In his home, Yeiner helps by running errands and cleaning. He lives with his mother. His mother maintains the home. There are 3 children in the family.
Soccer, playing with cars and playing ball games are Yeiner's favorite activities. In pre-school his performance is average and he also regularly attends Bible class.
Your love and support will help Yeiner to receive the assistance he needs to develop his potential. Please pray for him.
Yeiner lives in the coastal community of Turbo, home to approximately 174,500 residents. Typical houses are constructed of cement floors, brick walls and zinc roofs. The regional diet consists of bananas, chicken, fish, plantains and rice.
Common health problems in this area include the flu, fevers, diarrhea and allergies. Most adults in Turbo work as day laborers and earn the equivalent of $110 per month. This community has public services but needs paved streets, libraries, computer centers, permanent employment opportunities and substance abuse prevention programs.
Your sponsorship allows the staff of C.D.I. Creciendo con Jesús to provide Yeiner with Bible teaching, spiritual retreats, sports, psychological treatments, special celebrations, self-esteem programs and handicrafts training. The center staff will also provide home visits, spiritual counseling and parenting education for the parents or guardians of Yeiner.
Surrounded by the Andes Mountains, Colombia's terrain ranges from the cooler highlands to the tropical coast along the Caribbean Sea and Pacific Ocean. Vast stretches of lowlands east of the mountains are thinly populated and only partially explored.
Two of Colombia's main exports are coffee and oil, though drug trafficking is a serious problem. About 73 percent of the population is urban, and most Colombians are Catholic. The racial makeup includes mestizos (Spanish and Native American), Europeans, those of black and white ancestry, and those of black and Native American ancestry. Spanish is the official language. Compassion works in Colombia's most populated northern regions.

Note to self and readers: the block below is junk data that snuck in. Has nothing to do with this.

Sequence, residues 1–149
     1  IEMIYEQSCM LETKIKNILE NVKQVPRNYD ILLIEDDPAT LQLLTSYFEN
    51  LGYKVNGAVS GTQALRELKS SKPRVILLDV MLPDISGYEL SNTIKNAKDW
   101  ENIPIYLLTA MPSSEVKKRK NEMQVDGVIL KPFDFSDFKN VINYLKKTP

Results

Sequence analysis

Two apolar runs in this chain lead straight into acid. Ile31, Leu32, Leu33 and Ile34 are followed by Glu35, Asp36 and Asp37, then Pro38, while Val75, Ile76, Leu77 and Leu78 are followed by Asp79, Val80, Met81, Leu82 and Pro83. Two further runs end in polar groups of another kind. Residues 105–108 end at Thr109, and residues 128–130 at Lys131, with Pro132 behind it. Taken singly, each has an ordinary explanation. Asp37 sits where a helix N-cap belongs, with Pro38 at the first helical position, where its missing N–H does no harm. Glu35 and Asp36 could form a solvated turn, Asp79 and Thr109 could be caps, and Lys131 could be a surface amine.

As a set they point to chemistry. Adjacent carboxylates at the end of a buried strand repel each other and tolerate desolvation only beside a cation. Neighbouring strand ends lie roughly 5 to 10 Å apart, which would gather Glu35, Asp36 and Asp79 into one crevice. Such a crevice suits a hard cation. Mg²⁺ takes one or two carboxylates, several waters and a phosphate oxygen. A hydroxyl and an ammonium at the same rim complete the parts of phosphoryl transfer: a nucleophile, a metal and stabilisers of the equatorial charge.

Since its liberation from Spain in the early 19th century, Colombia has violently struggled to find its identity. In 1886, Colombia established its first constitution, which was modified and updated in 1991. The document established the basic present-day government structure consolidating the central government, ending rivalries among political factions, and creating the oldest democracy in Latin America. Yet peaceful coexistence among the multiethnic and multiparty groups in this country remains elusive. Despite a growing sense of confidence in the economy helped in part by a free trade agreement with the United States, Colombia resides in a perpetual state of political and social turmoil. Warring factions have battled for control since independence. Thousands of political figures have been massacred, and paramilitary groups that formed have installed a legacy of terrorism that ravages the country today. The National Front brought a measure of stability in the 1960s, but for all the gains made, Colombia is still plagued by political corruption, drug wars, guerrilla activity and terrorist violence.
Map of Colombia
Child's Location: Northwest of Medellin